Poets ranked by the gravity of their beards

poets and their beards

In his 1913 classic (if that’s the right word) publication entitled Poets Ranked by Beard Weight, Upton Uxbridge Underwood (1881–1937) ranked poets according to the gravity of their beards, assigning each one a “pogonometric index” score. (So I have learned from A Journey Round My Skull, which informs me that Underwood was “a deipnosophist, clubman, and literary miscellanist with a special interest in tonsorial subjects.”) A score of 10, for example, was “very very weak,” whereas a score of 58 was “very very heavy.” Leaving aside for the moment the particulars of his methodology, let’s see how the poets stack up.

Beard gravity increases as we move from left to right and top to bottom:

  • Row 1
    • Walt Whitman (1819–1892)
      Beard type: Hibernator
      Typical opus: O Captain! My Captain!
      Gravity (UPI rating): 22
    • Henry Wadsworth Longfellow (1807–1882)
      Beard type: Dutch Elongated
      Typical opus: The Village Blacksmith
      Gravity (UPI rating): 24
    • Sir Walter Raleigh (1552–1618)
      Beard type: Van Dyke
      Typical opus: The Lie
      Gravity (UPI rating): 27
  • Row 2
    • Henry David Thoreau (1817–1862)
      Beard type: Wandering Jim
      Typical opus: Within the Circuit of This Plodding Life
      Gravity (UPI rating): 29
    • Alfred, Lord Tennyson (1809–1892)
      Beard type: Maltese
      Typical opus: Crossing the Bar
      Gravity (UPI rating): 33
    • James Russell Lowell (1819–1891)
      Beard type: Queen’s Brigade
      Typical opus: Commemoration Ode
      Gravity (UPI rating): 34
  • Row 3
    • John Greenleaf Whittier (1807–1892)
      Beard type: Full Velutinous
      Typical opus: Snow-bound
      Gravity (UPI rating): 38
    • Dante Gabriel Rossetti (1828–1882)
      Beard type: Italian False Goatee
      Typical opus: The Blessed Damozel
      Gravity (UPI rating): 38
    • Edwin Markham (1852–1940)
      Beard type: Box
      Typical opus: The Man With the Hoe
      Gravity (UPI rating): 39
  • Row 4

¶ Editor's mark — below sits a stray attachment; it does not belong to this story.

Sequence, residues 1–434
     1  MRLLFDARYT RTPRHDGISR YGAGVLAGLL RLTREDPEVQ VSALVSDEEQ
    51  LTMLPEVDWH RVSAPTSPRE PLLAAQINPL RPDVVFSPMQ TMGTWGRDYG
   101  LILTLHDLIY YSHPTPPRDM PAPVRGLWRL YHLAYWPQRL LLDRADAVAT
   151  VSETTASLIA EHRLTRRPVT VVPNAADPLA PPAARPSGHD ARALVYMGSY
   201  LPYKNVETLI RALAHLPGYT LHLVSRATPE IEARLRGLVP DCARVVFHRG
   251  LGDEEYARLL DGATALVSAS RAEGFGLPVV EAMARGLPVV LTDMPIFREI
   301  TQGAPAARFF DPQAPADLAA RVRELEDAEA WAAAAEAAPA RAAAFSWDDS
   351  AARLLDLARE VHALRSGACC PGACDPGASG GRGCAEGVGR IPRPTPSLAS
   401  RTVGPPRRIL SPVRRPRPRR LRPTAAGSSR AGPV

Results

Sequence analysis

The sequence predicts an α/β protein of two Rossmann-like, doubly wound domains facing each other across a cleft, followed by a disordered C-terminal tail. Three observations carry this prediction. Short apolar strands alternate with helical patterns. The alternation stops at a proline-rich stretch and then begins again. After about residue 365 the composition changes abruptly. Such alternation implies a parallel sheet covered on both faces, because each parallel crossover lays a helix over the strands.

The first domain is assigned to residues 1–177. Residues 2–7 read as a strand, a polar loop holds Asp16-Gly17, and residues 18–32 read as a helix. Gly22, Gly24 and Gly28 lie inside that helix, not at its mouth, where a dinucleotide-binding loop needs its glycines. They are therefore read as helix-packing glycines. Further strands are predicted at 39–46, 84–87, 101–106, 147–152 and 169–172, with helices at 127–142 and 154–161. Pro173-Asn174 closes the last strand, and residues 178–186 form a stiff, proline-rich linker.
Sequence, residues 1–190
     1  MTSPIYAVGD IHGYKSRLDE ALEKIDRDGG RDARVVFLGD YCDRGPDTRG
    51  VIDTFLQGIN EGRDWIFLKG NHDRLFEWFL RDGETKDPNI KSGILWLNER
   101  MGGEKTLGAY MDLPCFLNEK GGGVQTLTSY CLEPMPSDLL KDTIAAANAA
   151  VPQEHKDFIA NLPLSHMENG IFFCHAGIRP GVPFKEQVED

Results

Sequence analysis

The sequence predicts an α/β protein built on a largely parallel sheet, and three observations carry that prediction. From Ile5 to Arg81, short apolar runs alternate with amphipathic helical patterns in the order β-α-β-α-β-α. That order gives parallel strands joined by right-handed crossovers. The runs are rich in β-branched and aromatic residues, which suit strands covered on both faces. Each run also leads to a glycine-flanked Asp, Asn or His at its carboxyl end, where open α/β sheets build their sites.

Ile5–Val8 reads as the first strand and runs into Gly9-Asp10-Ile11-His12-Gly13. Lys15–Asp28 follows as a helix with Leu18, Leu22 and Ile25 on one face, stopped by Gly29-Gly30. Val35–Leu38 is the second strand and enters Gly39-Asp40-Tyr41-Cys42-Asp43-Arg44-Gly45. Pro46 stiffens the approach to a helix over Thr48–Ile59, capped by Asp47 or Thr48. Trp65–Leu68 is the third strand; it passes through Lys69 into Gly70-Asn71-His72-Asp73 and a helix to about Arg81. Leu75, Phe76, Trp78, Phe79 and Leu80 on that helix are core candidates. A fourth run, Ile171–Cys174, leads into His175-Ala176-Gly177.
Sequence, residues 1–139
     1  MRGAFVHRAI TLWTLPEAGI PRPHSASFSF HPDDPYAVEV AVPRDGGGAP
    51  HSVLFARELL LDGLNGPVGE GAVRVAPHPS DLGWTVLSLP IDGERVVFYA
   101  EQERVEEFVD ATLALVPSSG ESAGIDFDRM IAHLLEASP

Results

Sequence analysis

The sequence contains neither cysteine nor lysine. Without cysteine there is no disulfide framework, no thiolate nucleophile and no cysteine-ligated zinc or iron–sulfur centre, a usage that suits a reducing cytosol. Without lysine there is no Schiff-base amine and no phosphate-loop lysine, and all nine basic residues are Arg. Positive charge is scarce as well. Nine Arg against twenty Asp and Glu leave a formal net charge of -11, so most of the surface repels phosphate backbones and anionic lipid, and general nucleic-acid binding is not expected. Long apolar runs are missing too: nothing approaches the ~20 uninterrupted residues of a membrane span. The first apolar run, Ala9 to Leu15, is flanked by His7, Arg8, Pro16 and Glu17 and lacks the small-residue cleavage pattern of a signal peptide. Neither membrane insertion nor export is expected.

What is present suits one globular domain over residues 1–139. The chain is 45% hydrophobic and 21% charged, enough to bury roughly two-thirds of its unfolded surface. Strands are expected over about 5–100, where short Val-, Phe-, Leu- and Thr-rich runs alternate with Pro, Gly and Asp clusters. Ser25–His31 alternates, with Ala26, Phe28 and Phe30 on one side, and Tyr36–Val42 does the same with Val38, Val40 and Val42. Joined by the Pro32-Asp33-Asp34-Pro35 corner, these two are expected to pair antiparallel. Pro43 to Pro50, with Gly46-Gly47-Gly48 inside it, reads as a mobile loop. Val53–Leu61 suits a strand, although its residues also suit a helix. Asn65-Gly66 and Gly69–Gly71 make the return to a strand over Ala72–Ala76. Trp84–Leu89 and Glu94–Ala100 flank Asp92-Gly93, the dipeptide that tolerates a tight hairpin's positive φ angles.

• Sidney Lanier (1842–1881)
      Beard type: Spade
      Typical opus: The Song of the Chattahoochee
      Gravity (UPI rating): 41
    • William Cullen Bryant (1794–1878)
      Beard type: Van Winkle
      Typical opus: To a Waterfowl
      Gravity (UPI rating): 43
    • John Burroughs (1837–1921)
      Beard type: Claus-esque
      Typical opus: Waiting
      Gravity (UPI rating): 43
  • Row 5
    • William Ernest Henley (1849–1903)
      Beard type: Spatulate Imperial
      Typical opus: Invictus
      Gravity (UPI rating): 47
    • Joaquin Miller (1837–1913)
      Beard type: Mock Forked Elongated
      Typical opus: Kit Carson’s Ride
      Gravity (UPI rating): 51
    • Samuel Morse (1791–1872)
      Beard type: Garibaldi Elongated
      Typical opus: What Hath God Wrought
      Gravity (UPI rating): 58

So there you have it! Whitman is the lightest poet and Morse is the heaviest. (And he was the first code poet too.)


All of this unabashedly stolen (though  it did take me some while to arrange the poets in order) from A Journey Round My Skull, where you can see larger images and read more. There, for example, you will learn that “Poets Ranked by Beard Weight is the centerpiece of Underwood’s estimable, if fetish-fueled treatise on pogonology, or the study of whiskers and associated lore…. This quaint publication takes the reader on a fascinating excursion through such topics as False Beards, Merkins, and Capillamenta (chin wigs); Effusions of the Scalp and Face; Celebrated Chaetognaths (chaetognathous = hairy-jawed); and even includes an affectionate mini-essay about the wooly mammoth!”

You could check it out.


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  1. The pogonology meme boggles the mind! I also took the liberty to forward your excellent post to the fine David Malki whose oeuvre is somewhat beard-driven: http://store.wondermark.com/products/beards

  2. This certainly leaves women out – lost by a whisker, as it were. (ahem..) Does Alice B. Toklas’ mustache count?